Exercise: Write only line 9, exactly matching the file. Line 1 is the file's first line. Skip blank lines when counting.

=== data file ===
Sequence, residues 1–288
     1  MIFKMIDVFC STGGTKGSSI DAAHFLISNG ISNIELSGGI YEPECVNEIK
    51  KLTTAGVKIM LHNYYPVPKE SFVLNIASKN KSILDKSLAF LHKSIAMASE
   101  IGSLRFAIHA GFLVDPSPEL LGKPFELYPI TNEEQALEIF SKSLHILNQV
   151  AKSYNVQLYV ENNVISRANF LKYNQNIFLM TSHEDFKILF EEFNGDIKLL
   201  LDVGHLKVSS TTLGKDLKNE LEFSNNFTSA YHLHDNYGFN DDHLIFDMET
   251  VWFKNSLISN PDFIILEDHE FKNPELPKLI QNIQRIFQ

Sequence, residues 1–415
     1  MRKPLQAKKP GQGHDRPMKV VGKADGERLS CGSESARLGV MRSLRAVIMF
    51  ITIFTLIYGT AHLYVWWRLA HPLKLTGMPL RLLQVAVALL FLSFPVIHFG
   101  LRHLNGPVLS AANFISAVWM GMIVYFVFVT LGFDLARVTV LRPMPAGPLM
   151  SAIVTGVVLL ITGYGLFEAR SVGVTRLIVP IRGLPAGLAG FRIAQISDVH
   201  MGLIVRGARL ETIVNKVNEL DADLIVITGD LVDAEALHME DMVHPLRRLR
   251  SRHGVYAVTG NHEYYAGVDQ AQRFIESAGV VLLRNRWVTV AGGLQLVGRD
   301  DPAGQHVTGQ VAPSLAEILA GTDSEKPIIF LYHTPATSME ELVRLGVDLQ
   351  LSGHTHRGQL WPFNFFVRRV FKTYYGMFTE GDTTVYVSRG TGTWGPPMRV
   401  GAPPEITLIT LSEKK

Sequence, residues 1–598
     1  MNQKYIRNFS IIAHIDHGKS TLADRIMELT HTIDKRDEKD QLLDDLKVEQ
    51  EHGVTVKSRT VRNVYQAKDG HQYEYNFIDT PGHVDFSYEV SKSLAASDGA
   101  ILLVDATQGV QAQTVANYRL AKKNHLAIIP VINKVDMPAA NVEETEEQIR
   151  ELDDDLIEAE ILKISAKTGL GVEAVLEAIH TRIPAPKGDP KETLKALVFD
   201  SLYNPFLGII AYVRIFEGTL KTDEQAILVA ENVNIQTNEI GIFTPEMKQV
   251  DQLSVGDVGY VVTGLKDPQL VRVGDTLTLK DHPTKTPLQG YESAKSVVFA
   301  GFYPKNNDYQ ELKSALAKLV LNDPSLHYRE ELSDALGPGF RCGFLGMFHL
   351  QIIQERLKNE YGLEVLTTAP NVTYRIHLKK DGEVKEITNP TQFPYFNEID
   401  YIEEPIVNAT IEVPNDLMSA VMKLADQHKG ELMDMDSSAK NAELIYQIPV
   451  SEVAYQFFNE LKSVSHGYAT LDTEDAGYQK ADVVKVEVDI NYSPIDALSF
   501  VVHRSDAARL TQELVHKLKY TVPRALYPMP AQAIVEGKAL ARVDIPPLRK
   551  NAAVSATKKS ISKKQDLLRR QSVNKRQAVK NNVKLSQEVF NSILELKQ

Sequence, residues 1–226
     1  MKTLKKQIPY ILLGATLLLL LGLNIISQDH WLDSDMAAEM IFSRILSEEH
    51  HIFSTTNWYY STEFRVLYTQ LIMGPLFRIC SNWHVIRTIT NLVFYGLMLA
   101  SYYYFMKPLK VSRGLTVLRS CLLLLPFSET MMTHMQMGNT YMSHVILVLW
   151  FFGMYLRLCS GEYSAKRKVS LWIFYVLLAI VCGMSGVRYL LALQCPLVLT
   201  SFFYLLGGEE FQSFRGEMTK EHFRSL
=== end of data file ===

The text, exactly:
     1  MRKPLQAKKP GQGHDRPMKV VGKADGERLS CGSESARLGV MRSLRAVIMF